2012 Johns Hopkins graduate named Gates Cambridge Scholar
Writer Katherine Robinson will study connections between 20th century poet Ted Hughes and medieval Celtic folklore
Katherine Robinson uses three different translation dictionaries in her work, but she isn't learning a new language. She's learning a very, very old language—Middle Welsh, which predates the language of Shakespeare by centuries.
Robinson has been familiarizing herself with the medieval language as part of the prep work for her dissertation research, which she'll undertake as part of the prestigious Gates Cambridge Scholarship program. Established in October 2000 by a donation from the Bill and Melinda Gates Foundation, the Gates Cambridge Scholarship program welcomes students from outside the U.K. to pursue a full-time postgraduate degree at the University of Cambridge.
Robinson is one of 36 American scholars to be selected from about 800 applications. An additional 54 scholarship winners from around the world will be announced in April.
"It's still sinking in, but I'm euphoric about the honor," said Robinson, a Johns Hopkins alum who received her Master of Fine Arts from the Writing Seminars in 2012.
Robinson's dissertation will examine the connections between the works of 20th century poet Ted Hughes—who also attended Cambridge University—and a text called The Mabinogion, which was compiled by monks in the 14th century.
A collection of tales Robinson calls "fabulously strange and ravishingly beautiful," The Mabinogion dates from earlier manuscripts and oral traditions, and is widely considered to be the earliest British prose literature. The collection was first translated into English in the 1800s by Charlotte Guest, but Hughes owned three different translations. By producing her own translations, Robinson says she hopes to deepen her understanding of the source material.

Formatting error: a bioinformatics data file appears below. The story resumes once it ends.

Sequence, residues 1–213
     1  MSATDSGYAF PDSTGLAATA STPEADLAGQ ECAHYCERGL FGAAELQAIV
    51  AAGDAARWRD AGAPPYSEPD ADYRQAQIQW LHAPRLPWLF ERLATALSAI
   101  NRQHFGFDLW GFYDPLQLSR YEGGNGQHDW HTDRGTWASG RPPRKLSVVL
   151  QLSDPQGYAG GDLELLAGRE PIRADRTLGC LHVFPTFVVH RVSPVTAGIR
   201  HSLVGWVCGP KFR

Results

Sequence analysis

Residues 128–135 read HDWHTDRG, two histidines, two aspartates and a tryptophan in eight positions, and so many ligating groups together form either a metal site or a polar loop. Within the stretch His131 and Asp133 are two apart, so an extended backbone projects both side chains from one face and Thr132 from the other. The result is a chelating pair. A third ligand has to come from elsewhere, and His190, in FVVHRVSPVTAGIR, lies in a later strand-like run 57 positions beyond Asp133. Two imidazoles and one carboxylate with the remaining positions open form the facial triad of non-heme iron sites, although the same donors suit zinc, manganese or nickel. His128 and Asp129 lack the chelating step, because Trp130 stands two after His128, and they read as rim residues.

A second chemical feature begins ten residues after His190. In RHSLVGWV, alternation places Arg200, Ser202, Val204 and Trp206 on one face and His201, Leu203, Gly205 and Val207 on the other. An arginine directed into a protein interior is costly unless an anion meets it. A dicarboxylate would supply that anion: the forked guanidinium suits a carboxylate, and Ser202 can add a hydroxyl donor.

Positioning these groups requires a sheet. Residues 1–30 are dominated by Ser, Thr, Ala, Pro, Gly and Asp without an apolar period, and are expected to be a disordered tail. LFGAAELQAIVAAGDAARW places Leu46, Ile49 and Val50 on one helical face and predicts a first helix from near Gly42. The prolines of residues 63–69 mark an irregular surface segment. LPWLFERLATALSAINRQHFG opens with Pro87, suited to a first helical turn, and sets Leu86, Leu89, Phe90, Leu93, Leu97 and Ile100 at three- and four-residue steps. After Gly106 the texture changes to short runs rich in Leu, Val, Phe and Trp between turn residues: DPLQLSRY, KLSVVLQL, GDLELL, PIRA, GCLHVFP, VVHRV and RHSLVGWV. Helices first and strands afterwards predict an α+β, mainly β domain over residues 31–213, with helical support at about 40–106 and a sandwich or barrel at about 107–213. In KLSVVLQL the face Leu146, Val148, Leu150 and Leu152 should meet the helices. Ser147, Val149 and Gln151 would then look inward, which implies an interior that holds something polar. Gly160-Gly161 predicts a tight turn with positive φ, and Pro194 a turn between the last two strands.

Robinson discovered the connection between Hughes's work and The Mabinogion during her time at Johns Hopkins, where she wrote a poetry thesis under the direction of poet Mary Jo Salter.
"While I was doing my MFA and reading Crow, I realized that in one of the key poems, Hughes was retelling a tale from The Mabinogion," she said. "I kept doing research and finding that there were a lot more resonances with The Mabinogion in other poems and in other books by Hughes."
She presented her preliminary research at the Ted Hughes Conference in Sheffield in 2015 and found that she was one of the first literary scholars to publicize the connection. She has since published an article about her findings in The Ted Hughes Society Journal.
"No one had really scratched the surface of this," she said. "No one had looked at the depth and breadth of how Hughes was repurposing Mabinogion tales or explored why he was doing so, and I realized this was brand new research. I'm really excited to spend the next three years expanding on these discoveries."
She says she's also looking forward to conducting her research at Pembroke College, the same college where Ted Hughes was enrolled during his time at Cambridge.
"Hughes probably first encountered some of this mythology in The White Goddess, a book he received as a prize in grammar school, but beyond that, he may have been reading some of this early Celtic literature in the Cambridge library," she said. "It will be exhilarating to be doing this research at the university where he was first discovering some of these texts."
In addition to her academic writing, Robinson recently published a translation of the medieval poet Taliesin in the journal Poetry Ireland. She is in the process of sending out her first collection of poems for publishing consideration, and she is writing a novel centered around the whaling tradition of the Shetland Islands.
For more information about the Gate Cambridge Scholarships and other scholarship and fellowship opportunities, visit http://studentaffairs.jhu.edu/fellowships/